You don’t need me to let you know that vegan and plant-forward food is having a moment.
At an infamous meeting in Denver that landed him the job, Graham Dodds cooked an exceptionally remarkable paella for the management team of the Kimpton Pittman hotel, where he is now Elm and Good’s executive chef.
It was February of last year, and the vegan mushroom paella was hearty and hearth-cooked, with plump grains of Bomba rice, a trumpet-mushroom “chorizo” piperade redolent of paprika (a twist on a Basque country staple), and pan-seared lion’s mane mushrooms fanned on top that stood in for scallops. The textures were remarkable; it was meaty and satisfying. “They called me the mushroom whisperer,” he said over the phone when I talked with him soon after.
But it wasn’t for the paella only that I found myself pointing my compass towards Elm and Good on the edge of Deep Ellum on an evening last week. The menu had debuted a lion’s mane mushroom “crab” cake that caught my fancy and eye. I was eager to try it.
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The tidy little appetizer is in keeping with other things on the menu that are yoked in their vegetal echoes and leanings. (Remember that wonder of a tomato tartare served in lieu of a steak tartare at Wayward Sons, with an ingenious egg yolk fashioned from corn? It’s here.)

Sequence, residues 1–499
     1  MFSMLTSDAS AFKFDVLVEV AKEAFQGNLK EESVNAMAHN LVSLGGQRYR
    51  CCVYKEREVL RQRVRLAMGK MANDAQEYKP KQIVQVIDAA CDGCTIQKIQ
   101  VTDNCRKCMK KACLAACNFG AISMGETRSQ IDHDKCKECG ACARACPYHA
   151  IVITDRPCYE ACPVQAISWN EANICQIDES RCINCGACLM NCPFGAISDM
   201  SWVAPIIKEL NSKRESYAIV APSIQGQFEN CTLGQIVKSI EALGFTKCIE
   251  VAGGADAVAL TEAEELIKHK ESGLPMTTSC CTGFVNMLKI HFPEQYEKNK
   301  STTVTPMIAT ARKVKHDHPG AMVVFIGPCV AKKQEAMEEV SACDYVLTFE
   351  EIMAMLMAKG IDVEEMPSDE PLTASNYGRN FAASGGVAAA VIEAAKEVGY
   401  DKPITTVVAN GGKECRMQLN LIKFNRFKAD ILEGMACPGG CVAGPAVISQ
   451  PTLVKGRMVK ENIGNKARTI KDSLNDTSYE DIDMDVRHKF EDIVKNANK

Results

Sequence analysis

But mushrooms have always been a creative Muse for Dodds, nor is he the first to exploit their potential. And while he is certainly not the first, he has been a leader, and he does so beautifully, with a particular love and skill. (This is, after all, a chef who forages for morels on hard-won weekend days off in the fall.) It’s right on point as a voracious appetite for plant-based dishes and a new, meat-eschewing reality has increased.
Like many in town, he’s using mushrooms from Texas Fungus, which grows them in a 2,000-square-foot space in Arlington that blooms with a lunar bounty: fast-growing oyster mushrooms in shades of pastel pink, blue, and sunny gold; white elm and fluted Italian; the silky white puff of lion’s mane, with its crabmeat texture; and king trumpet in the winter. They’ve added more as cooks use them for tacos and braised game and po’boys.
“There’s really not much to the ingredients,” Dodds says of the “crab” cake, but that belies the complexity that makes them memorable.
He shreds the lion’s mane mushrooms and seasons them with salt, garlic powder, nutmeg, and celery seed. He adds a touch of aioli, egg yolks, fines herbes, and a dusting of cracker crumbs, lavishing on them the same treatment as a Maryland-style crab cake. The cake comes piled high with watercress and lolls in a gorgeous pool of beurre blanc sauce made with the “tea” that comes from squeezing the sautéed mushrooms.
It’s delicious, beautifully presented, and I’d not be sad if it was on my docket five days a week. If this team thought the paella would be the only fungal (ahem, not viral) hit, they were mistaken.